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McGill University Virtual Lecture: Food and Agriculture in Taiwan - An Overview of History and Cultural Transformation

Dr. Hung Po-Yi presenting his lecture to an online audience including Prof. Robin D.S. Yates and Prof. Grace Fong, and Tracy Lang

The Faculty Excellence in Taiwan Studies Lecture of the Department of East Asian Studies at McGill University invited Dr. Po-Yi Hung, an associate professor in the Department of Geography at National Taiwan University, to give an online lecture on April 22, 2021. The topic of Dr. Hung’s presentation was Food and Agriculture in Taiwan: An Overview of History and Cultural Transformation.

Dr. Hung began his lecture by elaborating how changing global and local factors and their interaction have affected agriculture and human geography in Taiwan and in Southeast Asia alike and then used Taiwan’s tea plantations as an example to examine different factors in different periods. Taiwan’s agri-food system is substantially based on small farms and like other small farms, tea plantations are facing a shortage of agricultural labor because of demographic changes: younger people have migrated away from rural areas, the remaining farmers are ageing, and agricultural land is being used for other commercial purposes.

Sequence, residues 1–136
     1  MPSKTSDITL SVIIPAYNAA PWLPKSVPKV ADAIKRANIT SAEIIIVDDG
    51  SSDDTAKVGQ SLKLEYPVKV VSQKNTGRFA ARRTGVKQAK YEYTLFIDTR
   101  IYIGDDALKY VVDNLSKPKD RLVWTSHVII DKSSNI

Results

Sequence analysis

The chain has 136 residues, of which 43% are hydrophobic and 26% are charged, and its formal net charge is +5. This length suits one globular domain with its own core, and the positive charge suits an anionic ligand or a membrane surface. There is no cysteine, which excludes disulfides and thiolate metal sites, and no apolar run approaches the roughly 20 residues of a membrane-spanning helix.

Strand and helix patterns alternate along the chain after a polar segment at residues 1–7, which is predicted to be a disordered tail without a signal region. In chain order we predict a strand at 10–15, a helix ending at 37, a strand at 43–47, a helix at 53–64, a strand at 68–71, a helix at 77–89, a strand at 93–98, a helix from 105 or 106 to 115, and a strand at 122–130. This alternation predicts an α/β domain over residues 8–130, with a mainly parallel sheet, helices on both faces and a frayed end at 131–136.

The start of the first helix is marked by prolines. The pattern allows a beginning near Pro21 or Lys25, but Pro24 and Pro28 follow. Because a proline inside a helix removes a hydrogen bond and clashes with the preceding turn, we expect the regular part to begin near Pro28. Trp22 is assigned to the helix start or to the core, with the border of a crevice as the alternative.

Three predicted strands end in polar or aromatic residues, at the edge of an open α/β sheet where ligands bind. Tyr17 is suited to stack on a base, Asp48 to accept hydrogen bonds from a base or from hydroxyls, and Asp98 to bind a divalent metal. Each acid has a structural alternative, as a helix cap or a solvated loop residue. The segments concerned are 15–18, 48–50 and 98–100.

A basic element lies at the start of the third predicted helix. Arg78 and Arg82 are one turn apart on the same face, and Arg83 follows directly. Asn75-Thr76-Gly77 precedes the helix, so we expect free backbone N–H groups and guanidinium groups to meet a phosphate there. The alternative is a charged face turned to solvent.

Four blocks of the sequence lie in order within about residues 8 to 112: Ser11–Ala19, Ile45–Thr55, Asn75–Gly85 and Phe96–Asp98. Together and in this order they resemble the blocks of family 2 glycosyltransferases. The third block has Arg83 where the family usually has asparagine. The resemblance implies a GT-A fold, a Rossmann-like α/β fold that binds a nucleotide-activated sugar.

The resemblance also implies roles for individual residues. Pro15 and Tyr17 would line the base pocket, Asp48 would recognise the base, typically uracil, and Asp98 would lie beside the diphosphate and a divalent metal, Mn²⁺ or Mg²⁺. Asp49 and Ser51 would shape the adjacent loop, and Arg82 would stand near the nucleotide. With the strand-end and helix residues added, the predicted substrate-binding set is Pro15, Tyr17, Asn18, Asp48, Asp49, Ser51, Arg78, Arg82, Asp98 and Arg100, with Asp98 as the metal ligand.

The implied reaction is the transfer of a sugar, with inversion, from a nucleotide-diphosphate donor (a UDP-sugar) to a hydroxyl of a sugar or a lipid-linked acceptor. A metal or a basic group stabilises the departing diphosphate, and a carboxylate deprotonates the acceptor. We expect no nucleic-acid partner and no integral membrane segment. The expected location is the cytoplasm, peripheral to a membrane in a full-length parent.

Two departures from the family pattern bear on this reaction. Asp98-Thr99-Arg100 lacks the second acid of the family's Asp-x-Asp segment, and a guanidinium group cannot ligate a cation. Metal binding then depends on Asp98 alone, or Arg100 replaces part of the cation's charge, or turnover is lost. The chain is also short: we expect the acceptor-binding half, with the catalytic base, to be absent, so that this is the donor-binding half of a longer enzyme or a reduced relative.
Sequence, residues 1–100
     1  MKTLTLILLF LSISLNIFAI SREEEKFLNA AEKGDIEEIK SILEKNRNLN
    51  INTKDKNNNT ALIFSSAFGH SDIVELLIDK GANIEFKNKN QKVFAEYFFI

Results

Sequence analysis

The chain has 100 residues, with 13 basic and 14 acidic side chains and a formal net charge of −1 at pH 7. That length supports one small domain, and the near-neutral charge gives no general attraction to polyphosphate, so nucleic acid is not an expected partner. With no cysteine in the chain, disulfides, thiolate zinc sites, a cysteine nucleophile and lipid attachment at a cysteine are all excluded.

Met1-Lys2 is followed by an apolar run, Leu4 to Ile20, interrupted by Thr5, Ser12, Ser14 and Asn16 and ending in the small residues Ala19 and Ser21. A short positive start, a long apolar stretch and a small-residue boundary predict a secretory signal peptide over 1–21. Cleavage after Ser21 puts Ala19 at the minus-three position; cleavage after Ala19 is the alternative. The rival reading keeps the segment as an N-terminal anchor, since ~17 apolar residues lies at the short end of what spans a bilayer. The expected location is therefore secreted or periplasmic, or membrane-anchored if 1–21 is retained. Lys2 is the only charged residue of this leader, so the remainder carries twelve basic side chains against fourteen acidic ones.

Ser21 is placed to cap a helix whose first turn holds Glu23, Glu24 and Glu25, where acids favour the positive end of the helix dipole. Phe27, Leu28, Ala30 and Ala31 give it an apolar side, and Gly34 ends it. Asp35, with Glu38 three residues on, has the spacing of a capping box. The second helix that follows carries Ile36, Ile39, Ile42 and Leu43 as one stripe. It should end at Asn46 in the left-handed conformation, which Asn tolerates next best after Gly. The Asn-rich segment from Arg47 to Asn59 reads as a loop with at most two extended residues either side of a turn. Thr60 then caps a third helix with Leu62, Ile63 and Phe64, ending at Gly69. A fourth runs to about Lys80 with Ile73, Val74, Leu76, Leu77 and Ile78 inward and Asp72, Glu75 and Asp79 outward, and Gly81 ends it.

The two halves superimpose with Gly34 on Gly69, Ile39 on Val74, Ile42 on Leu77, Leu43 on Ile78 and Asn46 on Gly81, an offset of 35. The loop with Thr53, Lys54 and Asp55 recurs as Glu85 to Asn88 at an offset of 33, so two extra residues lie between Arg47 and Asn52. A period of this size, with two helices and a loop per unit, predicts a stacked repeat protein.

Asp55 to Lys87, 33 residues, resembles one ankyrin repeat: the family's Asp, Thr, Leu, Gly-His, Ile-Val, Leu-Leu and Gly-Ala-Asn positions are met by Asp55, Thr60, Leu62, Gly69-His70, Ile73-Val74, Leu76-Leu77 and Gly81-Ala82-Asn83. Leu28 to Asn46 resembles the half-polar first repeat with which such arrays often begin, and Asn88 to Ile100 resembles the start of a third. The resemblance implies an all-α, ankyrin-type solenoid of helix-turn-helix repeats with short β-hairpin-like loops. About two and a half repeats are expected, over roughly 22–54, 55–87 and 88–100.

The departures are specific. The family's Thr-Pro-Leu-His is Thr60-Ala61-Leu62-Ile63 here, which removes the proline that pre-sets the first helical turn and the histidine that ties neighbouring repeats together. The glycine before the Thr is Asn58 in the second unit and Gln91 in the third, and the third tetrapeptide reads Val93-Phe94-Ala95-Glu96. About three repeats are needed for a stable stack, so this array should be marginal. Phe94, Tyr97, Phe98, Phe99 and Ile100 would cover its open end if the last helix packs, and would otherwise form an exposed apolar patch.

Dr. Hung pointed out the key role that Taiwan's historical agricultural policies played in the development of the tea industry. But small farms still remain subject to the effects of constantly changing global and local factors. In recent years a popular consumer trend for hand-shaken drinks has revived and boosted tea sales in Taiwan but such trends come and go.

These are just some of the details Dr. Hong presented in the 90-minute event which included a lively Q&A discussion in the last 15 minutes. During his responses to questions, Dr. Hung mentioned the importance of universities implementing USR - university social responsibility. This is something that National Taiwan University has been actively involved in in recent years and he has accompanied his students whenever they go to visit urban and rural farms, to help to strengthen the links and cooperation between universities and regional farmers.